This Is Why You Need Exercise Rest Days

This is Why You Need Exercise Rest Days

This post is by OYS writer Melissa. You can read more about Melissa here and see all of her other posts here. Check out Melissa’s blog Nutrition and Wellness for Life. She offers wellness consultation services that focus on helping you eat better and exercise more.  She also has a FB page!!

Exercising regularly is a fantastic goal to have to improve your health and fitness, but are you giving yourself rest days? Exercise rest days are so important to build into your workout schedule. Just know that a rest day does not have to mean you sit on the couch watching Netflix all day. You can still be active on rest days.

When you exercise, you are working your body hard. This work leads to a healthy weight, improved cardiovascular endurance, and better overall general health. But your body also needs time to recover from this work.


When you strength train, you are actually making little tears in your muscles. After the workout session, they need fuel in the form of food and rest time for those muscles to repair themselves before the next workout. It’s best to alternate strength training days with cardio days. You can strength train two days in a row, as long as you focus on different areas of your body. So if on one day you train your lower body, the next you should train your upper body. If on one day you train your glutes and biceps, the next you should train your quads and triceps. If any area feels sore from a past workout, you probably should avoid training it until that soreness is gone.

When you run, your leg bones take a beating. That pounding is good for your bones, because it can help prevent osteoporosis, but they also need time to rest. If not, you will end up with aches and soreness that make it difficult to run through. You could also cause long-term joint damage that could require surgery down the road.

Aside from the muscles and bones needing recovery, your whole body needs it too. If you work out hard every single day, you are going to be exhausted. This will eventually lead to burnout, and this could mean you will stop exercising altogether. That is not what we want!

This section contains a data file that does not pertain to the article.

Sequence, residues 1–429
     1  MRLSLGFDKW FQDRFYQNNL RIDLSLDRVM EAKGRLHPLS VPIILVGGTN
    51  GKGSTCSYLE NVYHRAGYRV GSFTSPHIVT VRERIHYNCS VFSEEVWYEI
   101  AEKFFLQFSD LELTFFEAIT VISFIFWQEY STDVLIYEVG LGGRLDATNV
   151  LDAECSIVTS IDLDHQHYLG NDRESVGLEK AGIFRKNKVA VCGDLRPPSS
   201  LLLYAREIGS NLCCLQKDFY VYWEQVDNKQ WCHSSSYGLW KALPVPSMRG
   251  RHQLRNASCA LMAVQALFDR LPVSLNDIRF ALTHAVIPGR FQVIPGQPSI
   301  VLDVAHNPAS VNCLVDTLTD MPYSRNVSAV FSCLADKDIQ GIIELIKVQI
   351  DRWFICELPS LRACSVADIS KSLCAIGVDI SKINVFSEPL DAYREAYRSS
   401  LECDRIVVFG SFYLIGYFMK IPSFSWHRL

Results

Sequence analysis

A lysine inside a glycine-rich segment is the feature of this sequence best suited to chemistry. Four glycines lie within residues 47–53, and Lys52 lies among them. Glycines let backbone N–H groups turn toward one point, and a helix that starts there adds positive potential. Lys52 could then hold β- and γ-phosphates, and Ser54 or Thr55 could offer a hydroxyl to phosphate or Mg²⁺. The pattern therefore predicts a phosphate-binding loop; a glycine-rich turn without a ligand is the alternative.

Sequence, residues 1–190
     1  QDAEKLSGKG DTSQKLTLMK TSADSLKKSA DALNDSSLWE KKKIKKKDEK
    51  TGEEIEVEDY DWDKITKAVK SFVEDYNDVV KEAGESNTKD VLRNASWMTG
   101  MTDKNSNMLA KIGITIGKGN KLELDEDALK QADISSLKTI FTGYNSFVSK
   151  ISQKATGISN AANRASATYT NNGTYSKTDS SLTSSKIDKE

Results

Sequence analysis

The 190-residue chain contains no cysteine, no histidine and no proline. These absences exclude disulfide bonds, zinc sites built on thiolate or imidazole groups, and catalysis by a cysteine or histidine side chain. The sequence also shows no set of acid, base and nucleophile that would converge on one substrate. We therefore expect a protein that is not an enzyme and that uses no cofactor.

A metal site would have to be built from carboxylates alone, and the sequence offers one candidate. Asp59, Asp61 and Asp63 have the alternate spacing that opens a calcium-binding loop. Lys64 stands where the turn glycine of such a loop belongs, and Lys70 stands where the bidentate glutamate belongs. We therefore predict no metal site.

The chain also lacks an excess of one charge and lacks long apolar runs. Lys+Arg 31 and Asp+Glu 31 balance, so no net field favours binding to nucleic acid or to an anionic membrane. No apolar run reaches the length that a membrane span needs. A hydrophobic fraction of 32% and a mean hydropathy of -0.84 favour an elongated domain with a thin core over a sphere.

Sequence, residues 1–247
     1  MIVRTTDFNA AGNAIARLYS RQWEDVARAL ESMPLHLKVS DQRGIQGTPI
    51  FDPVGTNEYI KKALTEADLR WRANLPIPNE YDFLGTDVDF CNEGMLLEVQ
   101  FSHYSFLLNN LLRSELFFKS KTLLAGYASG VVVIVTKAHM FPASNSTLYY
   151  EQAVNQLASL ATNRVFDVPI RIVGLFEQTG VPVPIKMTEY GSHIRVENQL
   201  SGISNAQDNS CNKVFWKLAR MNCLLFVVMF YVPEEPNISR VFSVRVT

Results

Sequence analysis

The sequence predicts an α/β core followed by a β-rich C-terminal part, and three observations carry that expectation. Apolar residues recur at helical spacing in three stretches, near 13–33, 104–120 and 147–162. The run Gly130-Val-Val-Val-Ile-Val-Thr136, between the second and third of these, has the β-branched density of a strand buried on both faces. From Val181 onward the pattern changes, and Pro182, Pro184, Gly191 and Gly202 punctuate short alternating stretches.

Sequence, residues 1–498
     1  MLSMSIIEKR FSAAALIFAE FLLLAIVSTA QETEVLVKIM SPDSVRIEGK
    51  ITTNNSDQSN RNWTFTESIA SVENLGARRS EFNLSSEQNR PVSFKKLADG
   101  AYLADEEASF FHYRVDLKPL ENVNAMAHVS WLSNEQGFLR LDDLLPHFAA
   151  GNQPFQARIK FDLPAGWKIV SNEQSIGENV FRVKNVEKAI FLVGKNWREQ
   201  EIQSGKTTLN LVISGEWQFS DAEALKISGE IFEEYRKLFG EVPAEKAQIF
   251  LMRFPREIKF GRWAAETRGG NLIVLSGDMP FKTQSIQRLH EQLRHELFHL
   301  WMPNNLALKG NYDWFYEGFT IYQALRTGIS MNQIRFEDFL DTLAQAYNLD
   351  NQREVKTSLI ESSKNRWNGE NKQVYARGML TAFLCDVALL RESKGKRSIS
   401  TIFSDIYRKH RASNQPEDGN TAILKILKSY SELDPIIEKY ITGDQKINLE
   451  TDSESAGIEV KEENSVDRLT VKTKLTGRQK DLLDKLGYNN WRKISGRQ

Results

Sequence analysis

Exercising every day is totally fine, as long as you are cross training. This means that you are not doing the same exercise every single day. If you do that, you are setting yourself up for overuse injuries. You will be constantly focusing on the same body parts and muscles, which means those areas will get weak and tired, leading to a greater chance of a fall, twist, sprain, or tear. Remember, once you get an injury, you may have to stop exercising until it heals, so be very careful and try to prevent it from happening in the first place.

Another thing that can happen is a plateau. If you are trying to lose weight, you may stop seeing the pounds come off if you keep doing the same exercise every day. Or if you are trying to tone up a particular area, you may stop seeing the improvements you are looking for. Your body will get used to the movements and just go through the motions. There won’t be a challenge anymore. So if you choose to exercise every day, make sure you change up what you are doing so that you aren’t ever doing the same activity two days in a row. Try to throw in a rest day every now and then, or at least make one day a very low-intensity activity, like walking or yoga.

So how many rest days do you need? That is an individual question that can only be answered based on your fitness and/or weight loss goals, your lifestyle, and your schedule. My recommendation would be one or two rest days per week. I would make one of those rest days an active rest day, where you still do some type of light physical activity. But you have to decide what works for you.

Here is a sample workout plan for one week.

Monday – 45 minutes elliptical

Tuesday – strength train lower body

Wednesday – rest day, but take a 30 minute walk at some point in the day (can be broken up into 2 15 minute walks)

Thursday – 20 minutes cycling, strength train upper body

Friday – 30 minutes running

Saturday – 1 hour gym class (mix of cardio and strength training)

Sunday – rest day

Do you get rest days? What do yours look like?

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